[Coral-List] ICRS Session 62: A Critical Examination of Ecosystem Response to Herbivore Management

Emily Kelly elkelly at ucsd.edu
Tue Jan 5 21:34:00 EST 2016

Hi all,

My co-hosts and I would like to invite you to submit an abstract to *Session
62: A Critical Examination of Ecosystem Response to Herbivore Management *of
the 13th International Coral Reef Symposium-- see the session description
below.  Please forward to other interested colleagues and feel free to
contact us if you have any questions.  We look forward to a great session
and surrounding discussions of the impact of herbivore management.

*Session description: *
The impact of herbivorous fish and urchins on reef benthic community
composition has been studied through experimental approaches, observation,
and modeling. Results from some but not all studies indicate herbivores can
mediate coral-algal interactions, reduce fleshy algal cover, and promote
crustose coralline algae. In the last decade in particular there has been
implementation of numerous types of herbivore management on reefs either
through full no-take zones, herbivore no-take zones, and fisheries
management and restocking of herbivorous fish and urchins. As new studies
promote herbivore management for reef health, we must critically examine
how herbivore management has influenced reef structure and function to
date. Talks in this session will examine ecosystem response to different
types of management on herbivore communities to understand how herbivore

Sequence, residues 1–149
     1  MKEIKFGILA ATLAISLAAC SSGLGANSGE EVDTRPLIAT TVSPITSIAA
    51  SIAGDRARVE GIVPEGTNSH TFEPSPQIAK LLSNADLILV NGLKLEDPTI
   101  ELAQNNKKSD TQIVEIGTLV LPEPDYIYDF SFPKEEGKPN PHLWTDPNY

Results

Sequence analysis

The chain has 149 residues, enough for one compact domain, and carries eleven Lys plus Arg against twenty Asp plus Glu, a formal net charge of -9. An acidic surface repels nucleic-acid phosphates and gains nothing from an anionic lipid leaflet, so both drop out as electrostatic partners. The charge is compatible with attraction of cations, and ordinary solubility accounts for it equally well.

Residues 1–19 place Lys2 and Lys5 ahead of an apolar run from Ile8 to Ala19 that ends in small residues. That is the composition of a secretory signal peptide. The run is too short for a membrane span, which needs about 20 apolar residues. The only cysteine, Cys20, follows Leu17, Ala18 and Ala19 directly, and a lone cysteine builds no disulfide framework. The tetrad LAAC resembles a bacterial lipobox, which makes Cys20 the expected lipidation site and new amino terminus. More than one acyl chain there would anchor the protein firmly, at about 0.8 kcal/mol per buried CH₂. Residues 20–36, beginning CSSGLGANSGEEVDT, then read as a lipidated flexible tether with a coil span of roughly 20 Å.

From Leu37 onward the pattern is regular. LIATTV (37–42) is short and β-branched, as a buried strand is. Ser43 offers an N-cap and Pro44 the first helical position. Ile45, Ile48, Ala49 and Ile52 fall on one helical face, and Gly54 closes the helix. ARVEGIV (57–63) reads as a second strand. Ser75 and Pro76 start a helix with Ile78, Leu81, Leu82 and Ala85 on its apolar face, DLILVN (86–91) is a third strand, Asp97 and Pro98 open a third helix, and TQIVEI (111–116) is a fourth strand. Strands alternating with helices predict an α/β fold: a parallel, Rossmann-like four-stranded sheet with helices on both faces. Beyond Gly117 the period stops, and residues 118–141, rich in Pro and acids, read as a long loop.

management has or has not impacted reef communities. In cases where the
ecosystem response differs from modeled or expected results, environmental
and other conditions associated with these deviations can be explored.
Through sharing monitoring, experimental, observational, and modeling data
across regions and management strategies, we aim to gain a better
understanding of the utility of herbivore management and to build a
cross-disciplinary community of managers, researchers, and stakeholders
amongst ICRS participants who are engaged in herbivore management.

We're also planning to set up an open lunch session the following day to
include but not limited to confirmed key participants. We will advertise
this lunch during the proposed session. An informal but structured lunch
will allow for additional discussion to build on session talks and discuss
lessons learned in herbivore management.

Happy New Year,

Emily Kelly, Center for Marine Biodiversity and Conservation, Scripps Inst.
of Oceanography, UCSD
elkelly at ucsd.edu

Melanie McField, Healthy Reefs for Healthy People Initiative / Smithsonian
mcfield at healthyreefs.org

Megan Ross, Hawaii Institute of Marine Biology, University of Hawaii - Manoa
mcolvin at hawaii.edu

Alison Green, Global Marine Team and Indo-Pacific Division, The Nature
agreen at tnc.org


Emily Kelly, Ph.D.
Center for Marine Biodiversity and Conservation
Scripps Institution of Oceanography
University of California, San Diego
cell: (919) 949-7399

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